The Paris Convention for Protection of Industrial Property was signed in the French capital on 20 March, 1883 and is widely considered as the cornerstone of the international industrial property system. One of the main features of the treaty is that it establishes international standards requiring countries to apply the same level of protection to nationals of other contracting parties as they apply to their own nationals.
The Paris Convention applies to industrial property in the widest sense, including patents, marks, industrial designs, utility models, trade names (designations under which an industrial or commercial activity is carried on), geographical indications (indications of source and appellations of origin) and the repression of unfair competition. The Convention introduced, for the first time, such basic rights as the right to national treatment in each of the member countries, the right of priority in any other member state, a grace period for the payment of maintenance fees as well as temporary protection in respect of goods exhibited at international exhibitions.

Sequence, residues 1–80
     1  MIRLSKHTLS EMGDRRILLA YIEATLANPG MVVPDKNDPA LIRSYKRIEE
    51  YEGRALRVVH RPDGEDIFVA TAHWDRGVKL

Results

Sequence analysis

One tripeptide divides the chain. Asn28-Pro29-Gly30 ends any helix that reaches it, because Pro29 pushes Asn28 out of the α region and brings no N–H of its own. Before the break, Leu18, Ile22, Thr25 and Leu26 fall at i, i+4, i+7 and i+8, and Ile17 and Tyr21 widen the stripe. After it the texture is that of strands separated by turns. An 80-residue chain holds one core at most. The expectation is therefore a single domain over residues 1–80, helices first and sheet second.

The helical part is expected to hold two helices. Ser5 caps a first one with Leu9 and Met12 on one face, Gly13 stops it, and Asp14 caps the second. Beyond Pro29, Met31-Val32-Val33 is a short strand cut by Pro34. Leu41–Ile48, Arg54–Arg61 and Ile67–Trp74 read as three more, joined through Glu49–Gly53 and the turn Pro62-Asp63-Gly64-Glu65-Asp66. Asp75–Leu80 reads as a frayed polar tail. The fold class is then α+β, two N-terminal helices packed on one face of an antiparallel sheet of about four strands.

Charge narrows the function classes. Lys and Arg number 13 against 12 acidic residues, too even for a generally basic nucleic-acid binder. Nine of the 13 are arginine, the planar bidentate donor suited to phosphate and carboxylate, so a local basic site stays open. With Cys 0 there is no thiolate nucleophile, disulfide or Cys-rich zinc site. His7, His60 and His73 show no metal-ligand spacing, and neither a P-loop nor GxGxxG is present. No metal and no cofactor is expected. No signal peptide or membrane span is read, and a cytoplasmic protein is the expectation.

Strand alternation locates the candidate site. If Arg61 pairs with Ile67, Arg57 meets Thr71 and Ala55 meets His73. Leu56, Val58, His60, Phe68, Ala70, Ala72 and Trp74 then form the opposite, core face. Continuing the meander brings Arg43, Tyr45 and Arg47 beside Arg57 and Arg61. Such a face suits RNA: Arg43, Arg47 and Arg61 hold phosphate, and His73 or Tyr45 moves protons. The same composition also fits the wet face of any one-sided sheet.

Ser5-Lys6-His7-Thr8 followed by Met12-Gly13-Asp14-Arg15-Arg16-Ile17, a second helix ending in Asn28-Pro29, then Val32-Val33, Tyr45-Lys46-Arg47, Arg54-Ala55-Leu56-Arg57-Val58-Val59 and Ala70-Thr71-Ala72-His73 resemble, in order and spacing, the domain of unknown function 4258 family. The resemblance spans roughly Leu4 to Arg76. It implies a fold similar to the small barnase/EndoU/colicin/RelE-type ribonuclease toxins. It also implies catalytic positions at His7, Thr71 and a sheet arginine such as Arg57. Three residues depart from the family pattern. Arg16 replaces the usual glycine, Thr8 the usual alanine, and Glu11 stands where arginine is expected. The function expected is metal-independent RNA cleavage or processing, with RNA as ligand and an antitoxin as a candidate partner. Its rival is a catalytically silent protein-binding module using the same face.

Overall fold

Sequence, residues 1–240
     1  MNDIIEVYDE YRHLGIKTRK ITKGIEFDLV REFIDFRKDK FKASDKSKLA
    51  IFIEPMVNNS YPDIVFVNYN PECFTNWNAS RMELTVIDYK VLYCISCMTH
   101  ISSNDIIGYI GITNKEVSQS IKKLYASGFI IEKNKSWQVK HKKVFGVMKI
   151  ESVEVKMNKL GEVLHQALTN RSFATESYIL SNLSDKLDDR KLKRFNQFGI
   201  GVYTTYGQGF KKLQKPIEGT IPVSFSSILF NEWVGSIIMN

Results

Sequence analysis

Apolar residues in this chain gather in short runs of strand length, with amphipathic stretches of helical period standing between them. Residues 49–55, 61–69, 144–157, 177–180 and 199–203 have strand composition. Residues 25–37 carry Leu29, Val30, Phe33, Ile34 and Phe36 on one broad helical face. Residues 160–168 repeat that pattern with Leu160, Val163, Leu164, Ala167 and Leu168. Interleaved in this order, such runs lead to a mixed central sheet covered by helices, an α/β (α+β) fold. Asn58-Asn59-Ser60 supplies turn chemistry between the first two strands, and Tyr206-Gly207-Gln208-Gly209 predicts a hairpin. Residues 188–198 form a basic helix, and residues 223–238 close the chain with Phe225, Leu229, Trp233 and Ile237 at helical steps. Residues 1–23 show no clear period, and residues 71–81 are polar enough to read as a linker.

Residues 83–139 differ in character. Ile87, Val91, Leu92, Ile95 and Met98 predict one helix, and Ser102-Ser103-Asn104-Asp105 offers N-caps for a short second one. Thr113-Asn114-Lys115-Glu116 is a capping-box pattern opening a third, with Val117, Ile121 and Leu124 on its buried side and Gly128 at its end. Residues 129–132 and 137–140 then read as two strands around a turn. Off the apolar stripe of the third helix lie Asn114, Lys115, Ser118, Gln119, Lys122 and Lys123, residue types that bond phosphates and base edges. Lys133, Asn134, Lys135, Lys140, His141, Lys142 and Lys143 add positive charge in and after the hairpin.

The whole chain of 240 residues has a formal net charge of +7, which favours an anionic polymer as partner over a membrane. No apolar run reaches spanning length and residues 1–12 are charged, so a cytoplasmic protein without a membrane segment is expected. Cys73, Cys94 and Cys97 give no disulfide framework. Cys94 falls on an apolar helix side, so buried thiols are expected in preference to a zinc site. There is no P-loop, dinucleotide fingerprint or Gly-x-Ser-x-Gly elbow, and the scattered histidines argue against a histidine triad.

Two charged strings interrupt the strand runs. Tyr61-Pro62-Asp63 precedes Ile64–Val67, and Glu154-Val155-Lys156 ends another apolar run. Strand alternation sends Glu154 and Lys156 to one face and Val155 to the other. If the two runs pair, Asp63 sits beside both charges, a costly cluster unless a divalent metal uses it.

The Paris Convention was signed by 11 states in 1883 and had 14 member states when it entered into force a year later. Today, 172 countries from all over the world are party to the treaty
The Paris Convention was revised at Brussels in 1900, at Washington in 1911, at The Hague in 1925, at London in 1934, at Lisbon in 1958 and at Stockholm in 1967, and it was amended in 1979.